If we are not quitters and we have survived the second phase of the journey, which is far worse than the obscurity phase, we tend to think of the destination less and less and enjoy the journey more and more. Sometimes, it might feel that we are lying to ourselves by pretending nothing wrong is happening with our lives and all the sacrifices we make have got to count for something we are not able to comprehend yet. Yes, sacrifices, we all know that exceptional people sacrifice most of the worldly amusements and spend their time trying to make a difference while other people are enjoying their lives being carefree and indifferent of what happens in this world or how it works. It doesn’t matter if you are a writer, a doctor, a painter or an engineer, you all sacrifice something if you decide to pursue excellence and innovation. Yes, at this stage, you might choose to stop, but you have come very close to make a difference and never live in the margin of life. Would you stop now? I beg you do not, for what comes next is worth all your sacrifice.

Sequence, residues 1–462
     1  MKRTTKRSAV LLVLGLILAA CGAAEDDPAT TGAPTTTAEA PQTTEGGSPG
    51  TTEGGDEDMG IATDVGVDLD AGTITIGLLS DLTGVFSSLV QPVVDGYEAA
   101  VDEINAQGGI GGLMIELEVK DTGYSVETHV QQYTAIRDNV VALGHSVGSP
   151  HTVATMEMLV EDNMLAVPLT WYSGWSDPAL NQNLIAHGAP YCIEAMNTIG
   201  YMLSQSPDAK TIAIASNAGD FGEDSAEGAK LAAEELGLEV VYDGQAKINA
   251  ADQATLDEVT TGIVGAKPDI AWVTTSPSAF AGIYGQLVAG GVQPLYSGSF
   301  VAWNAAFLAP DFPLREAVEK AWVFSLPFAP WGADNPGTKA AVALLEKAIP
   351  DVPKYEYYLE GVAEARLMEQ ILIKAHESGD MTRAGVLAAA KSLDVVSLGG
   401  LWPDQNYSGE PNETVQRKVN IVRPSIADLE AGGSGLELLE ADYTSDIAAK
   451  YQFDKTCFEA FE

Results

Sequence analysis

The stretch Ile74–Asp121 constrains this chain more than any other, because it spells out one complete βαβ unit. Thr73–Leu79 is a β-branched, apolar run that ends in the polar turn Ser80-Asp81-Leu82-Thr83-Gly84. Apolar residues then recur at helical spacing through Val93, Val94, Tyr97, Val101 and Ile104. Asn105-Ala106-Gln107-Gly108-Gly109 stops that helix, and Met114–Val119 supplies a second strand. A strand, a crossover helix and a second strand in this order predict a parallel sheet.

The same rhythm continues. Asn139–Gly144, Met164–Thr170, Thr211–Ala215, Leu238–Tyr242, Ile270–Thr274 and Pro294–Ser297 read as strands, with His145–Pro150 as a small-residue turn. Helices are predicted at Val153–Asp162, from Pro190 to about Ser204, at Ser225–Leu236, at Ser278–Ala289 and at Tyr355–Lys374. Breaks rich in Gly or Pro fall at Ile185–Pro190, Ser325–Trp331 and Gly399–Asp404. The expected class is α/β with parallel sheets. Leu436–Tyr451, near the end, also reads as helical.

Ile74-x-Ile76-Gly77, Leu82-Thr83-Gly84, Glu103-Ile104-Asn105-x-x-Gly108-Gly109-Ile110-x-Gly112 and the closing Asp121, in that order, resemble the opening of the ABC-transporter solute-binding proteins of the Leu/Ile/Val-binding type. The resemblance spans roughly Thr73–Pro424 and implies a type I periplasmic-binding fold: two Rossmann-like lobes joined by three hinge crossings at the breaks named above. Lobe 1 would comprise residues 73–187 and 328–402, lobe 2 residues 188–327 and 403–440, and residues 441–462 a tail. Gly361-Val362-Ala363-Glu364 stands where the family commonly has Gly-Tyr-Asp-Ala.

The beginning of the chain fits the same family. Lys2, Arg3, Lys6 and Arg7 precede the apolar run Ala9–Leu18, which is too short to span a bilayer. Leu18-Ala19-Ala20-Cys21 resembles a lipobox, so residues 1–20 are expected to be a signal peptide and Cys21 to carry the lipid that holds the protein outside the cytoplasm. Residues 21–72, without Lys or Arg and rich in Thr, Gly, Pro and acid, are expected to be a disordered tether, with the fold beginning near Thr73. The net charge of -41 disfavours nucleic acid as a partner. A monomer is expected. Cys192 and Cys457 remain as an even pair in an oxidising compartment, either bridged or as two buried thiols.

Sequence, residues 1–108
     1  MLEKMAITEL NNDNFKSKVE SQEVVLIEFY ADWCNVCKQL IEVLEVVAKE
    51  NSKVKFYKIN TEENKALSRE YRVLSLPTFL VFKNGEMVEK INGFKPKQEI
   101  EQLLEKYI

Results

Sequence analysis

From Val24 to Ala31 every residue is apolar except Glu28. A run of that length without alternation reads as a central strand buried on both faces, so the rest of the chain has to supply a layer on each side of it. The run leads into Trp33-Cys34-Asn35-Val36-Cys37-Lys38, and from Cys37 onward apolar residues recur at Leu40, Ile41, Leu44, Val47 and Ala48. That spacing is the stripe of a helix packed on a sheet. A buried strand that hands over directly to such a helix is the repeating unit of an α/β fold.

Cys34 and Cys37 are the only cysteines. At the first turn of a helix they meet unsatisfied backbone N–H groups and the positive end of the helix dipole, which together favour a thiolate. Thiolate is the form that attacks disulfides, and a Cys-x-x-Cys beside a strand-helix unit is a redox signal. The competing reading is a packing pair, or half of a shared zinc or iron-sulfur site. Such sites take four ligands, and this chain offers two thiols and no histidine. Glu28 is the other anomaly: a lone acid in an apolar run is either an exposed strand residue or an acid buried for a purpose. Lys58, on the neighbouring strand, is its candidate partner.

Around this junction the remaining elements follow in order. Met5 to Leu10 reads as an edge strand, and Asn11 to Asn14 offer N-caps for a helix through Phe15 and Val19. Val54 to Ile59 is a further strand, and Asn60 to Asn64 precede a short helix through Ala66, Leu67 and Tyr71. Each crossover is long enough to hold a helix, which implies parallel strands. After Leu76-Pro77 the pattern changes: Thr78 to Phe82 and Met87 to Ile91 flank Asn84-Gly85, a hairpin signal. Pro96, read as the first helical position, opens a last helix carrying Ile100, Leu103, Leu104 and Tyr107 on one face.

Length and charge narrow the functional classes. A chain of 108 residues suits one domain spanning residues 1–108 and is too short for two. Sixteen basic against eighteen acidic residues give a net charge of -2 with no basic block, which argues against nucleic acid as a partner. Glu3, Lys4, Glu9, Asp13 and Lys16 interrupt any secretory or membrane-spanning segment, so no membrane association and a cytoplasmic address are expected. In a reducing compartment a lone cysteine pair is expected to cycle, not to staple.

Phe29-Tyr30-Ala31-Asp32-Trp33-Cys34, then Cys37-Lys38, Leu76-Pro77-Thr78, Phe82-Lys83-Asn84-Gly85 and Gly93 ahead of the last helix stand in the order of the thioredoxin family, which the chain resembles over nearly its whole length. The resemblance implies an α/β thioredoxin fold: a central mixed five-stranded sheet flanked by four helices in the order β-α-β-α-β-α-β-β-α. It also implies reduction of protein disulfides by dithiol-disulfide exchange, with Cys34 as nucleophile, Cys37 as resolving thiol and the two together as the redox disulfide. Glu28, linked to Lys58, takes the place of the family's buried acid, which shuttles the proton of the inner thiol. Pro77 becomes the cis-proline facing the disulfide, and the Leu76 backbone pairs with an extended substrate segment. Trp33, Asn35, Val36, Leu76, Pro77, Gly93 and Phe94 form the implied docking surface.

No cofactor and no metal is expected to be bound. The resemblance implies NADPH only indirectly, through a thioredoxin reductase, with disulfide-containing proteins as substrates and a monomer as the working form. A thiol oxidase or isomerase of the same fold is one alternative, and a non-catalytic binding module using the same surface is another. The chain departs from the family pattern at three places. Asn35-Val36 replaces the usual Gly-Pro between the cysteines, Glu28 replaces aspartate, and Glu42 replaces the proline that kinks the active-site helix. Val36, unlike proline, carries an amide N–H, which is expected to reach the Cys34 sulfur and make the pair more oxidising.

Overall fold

Let’s read the last and most memorable stanza of the poem:
I shall be telling this with a sigh
Somewhere ages and ages hence:
Two roads diverged in a wood, and I—
I took the one less traveled by,
And that has made all the difference.
He acknowledges that at times he feels nostalgic and maybe, slightly regretful over not taking the first path, but sticking to the path he took a long time ago is the one decision that has made him who he is today, and we can feel some sheer pride of the whole journey by the end of the poem, although the word sigh in the first line of the stanza might mislead us. The last two lines say it all. He took the lonelier path and the more difficult one, and he has suffered walking the path all this time, mostly on his own, but he has lived all the way with himself, true to himself, which made all the difference.